Review by Michael Jacobson
Stars: Kate Winslet, Ralph
Fiennes, David Kross, Lena Olin, Bruno Ganz
Director: Stephen Daldry
Audio: Dolby True HD 5.1, Dolby Digital 5.1
Video: Anamorphic Widescreen 1.85:1
Studio: Genius Products
Features: See Review
Length: 124 Minutes
Release Date: April 28, 2009
“It doesn’t matter what I think. It doesn’t matter what I feel. The dead are still dead.”
The Reader is a quiet, emotionally complex drama from a director who understands that kind of material. Stephen Daldry brought us the emotionally evocative The Hours, which landed a Best Actress Oscar for his leading lady, Nicole Kidman. His magic touch has continued.
This movie has to do with the Holocaust, but not in a conventional way. It’s shown through a microscope of two people in Germany, as a man named Michael Berg (Fiennes) reflects back on a summer that helped define the rest of his life.
At fifteen, Michael (played in youth by Kross) meets Hanna Schmitz (Winslet), who helps him when he’s ill in an alley. She is about twenty years his senior, but the two engage in an affair. There is lots of sex involved, but also something perhaps a bit more emotionally intimate: Hanna has Michael read to her every afternoon.
One day, she is gone, with no warning or explanation. Flash forward several years, and Michael is a law student invited with a small group of other students to witness a historic trial. And it is there that he finally sees Hanna again…she is on trial for war crimes as a former prison guard for the SS.
The trial has garnered lots of attention because one of the Jewish victims had written a book about her experience. And here, Michael realizes that he has one piece of information that could make a world of difference in the outcome of the trial for Hanna.
Does he disclose it? His professor thinks he has a moral obligation to the law to bring it forward. But it doesn’t excuse Hanna or her crimes; it would merely define the extent of her role in them. Hanna could say one thing to the court that could alter her fate, but she chooses to remain silent.
Over the years, Michael marries, divorces, doesn’t see much of his own child, and finds himself thinking about Hanna and, presumably, whether or not he could have or should have stepped in on her behalf. The film doesn’t focus so much on the horrors of the Holocaust, but on the lingering reaction to it, as demonstrated by the strange relationship between Michael and Hanna.
Hanna is a most enigmatic character, and Kate Winslet richly deserved her Oscar gold for her work. We never get close enough to her to understand how she feels about what she did, or the choices she made (including her final choice in the film), or even really how she feels about Michael. As a boy, he asks if she loves him. She gives a complacent nod, but there is no real feeling expressed.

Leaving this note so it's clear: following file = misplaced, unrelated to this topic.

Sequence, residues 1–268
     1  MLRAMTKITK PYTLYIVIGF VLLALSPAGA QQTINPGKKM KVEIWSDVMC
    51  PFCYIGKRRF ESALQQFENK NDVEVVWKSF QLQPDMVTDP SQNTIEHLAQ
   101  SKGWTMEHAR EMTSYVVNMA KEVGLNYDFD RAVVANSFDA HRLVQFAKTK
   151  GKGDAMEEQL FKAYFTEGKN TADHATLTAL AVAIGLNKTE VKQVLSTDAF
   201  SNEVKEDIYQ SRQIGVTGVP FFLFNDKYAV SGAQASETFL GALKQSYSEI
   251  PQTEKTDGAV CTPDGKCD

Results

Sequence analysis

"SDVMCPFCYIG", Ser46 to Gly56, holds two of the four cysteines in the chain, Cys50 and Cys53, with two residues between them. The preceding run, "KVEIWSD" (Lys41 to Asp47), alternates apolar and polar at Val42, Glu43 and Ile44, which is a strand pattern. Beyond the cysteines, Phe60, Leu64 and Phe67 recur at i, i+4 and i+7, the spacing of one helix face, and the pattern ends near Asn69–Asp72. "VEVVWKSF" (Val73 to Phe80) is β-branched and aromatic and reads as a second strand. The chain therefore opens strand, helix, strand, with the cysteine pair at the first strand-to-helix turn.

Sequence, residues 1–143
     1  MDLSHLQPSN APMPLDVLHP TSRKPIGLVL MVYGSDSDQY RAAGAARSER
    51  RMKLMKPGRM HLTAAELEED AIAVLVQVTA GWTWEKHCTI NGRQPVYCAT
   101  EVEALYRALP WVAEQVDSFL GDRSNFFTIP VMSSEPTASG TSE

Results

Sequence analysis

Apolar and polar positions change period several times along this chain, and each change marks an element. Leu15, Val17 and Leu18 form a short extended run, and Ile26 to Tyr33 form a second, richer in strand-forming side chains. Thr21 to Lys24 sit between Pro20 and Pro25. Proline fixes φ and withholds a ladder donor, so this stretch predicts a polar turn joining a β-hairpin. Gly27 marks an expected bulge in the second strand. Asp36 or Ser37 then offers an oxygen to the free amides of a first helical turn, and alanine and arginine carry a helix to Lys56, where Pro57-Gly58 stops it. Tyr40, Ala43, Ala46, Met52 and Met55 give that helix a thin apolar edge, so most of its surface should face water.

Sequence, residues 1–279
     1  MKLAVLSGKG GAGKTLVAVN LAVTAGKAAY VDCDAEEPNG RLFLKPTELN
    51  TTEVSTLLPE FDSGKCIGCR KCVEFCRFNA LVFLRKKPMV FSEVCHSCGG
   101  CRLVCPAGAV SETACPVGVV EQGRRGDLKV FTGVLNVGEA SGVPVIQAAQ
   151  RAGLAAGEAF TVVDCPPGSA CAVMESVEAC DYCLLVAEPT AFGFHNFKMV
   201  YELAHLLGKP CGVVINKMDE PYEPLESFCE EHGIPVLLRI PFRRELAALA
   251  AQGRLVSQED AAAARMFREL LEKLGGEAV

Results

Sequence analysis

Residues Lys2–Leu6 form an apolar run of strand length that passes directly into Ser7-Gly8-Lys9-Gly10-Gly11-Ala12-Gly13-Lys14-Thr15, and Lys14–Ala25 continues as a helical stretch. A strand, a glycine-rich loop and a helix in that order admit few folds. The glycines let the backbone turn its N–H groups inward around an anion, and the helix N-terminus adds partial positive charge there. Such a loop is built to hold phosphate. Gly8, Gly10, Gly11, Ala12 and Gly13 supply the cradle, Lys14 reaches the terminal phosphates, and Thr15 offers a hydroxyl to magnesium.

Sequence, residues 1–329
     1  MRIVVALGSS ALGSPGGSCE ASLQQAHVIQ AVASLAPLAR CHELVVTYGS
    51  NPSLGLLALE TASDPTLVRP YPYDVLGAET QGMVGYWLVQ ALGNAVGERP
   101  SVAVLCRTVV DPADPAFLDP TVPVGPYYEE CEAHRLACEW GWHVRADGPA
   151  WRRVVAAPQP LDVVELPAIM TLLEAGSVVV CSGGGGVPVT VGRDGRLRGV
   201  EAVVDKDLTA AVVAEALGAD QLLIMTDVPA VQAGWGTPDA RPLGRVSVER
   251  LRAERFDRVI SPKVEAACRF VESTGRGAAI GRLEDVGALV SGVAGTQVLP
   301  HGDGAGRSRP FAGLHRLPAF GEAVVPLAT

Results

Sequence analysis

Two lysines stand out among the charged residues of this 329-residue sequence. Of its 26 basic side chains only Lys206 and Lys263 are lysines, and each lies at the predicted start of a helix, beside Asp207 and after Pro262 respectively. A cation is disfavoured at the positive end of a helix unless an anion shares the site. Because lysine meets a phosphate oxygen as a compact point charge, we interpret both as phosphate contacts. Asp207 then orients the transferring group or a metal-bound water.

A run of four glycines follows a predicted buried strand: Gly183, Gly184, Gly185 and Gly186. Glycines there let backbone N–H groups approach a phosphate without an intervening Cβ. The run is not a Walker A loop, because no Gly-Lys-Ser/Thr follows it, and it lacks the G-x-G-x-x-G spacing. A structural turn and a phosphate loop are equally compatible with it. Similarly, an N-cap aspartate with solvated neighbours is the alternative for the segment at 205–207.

The film doesn’t show us any kind of flashbacks to what Hanna did or didn’t do as a member of the SS. We here testimony, even from her own lips, but the terrible crimes committed during the war are kept mostly at a narrative distance. The story is told through Michael’s point of view, and if he can never get to the real heart of Hanna, then neither do we.
It’s remarkable that a film can take us into territory we’ve seen cinematically explored countless times, but manage to give us an entirely different way of looking at it…almost by inviting us to NOT look at it. The focus is not Hitler or Auschwitz, but two souls and the encounter that would change everything for one of them. It may have been Hanna who participated in the unthinkable, but it is Michael who is forever damaged by the experience.
I was so absorbed in the story, I frequently FORGOT about paying attention to the transfer…guess that says something about the strength of the movie. This is a beautiful looking period piece, and the Blu-ray presentation makes the most of old fashioned color schemes with solid detail and a clean overall look. It’s not particularly eye-popping, but it isn’t meant to be.
This is a dialogue-driven film, and as such, there aren’t many dynamic demands made on the TrueHD soundtrack, but everything is clean and clear and ambient, and the subtle music score is a nice addition to the dramatic sequences.
The disc includes 11 deleted scenes and several featurettes, one on the realization of the movie, one on the aging of Kate Winslet for her role, a look at composer Nico Muhly, one on the production design, and a conversation between director Stephen Daldry and actor David Kross. Rounding out is a trailer.
The Reader is a highly satisfying dramatic offering…well written, well acted, and well directed, and a movie with the ability to make us view the familiar with a different kind of lens.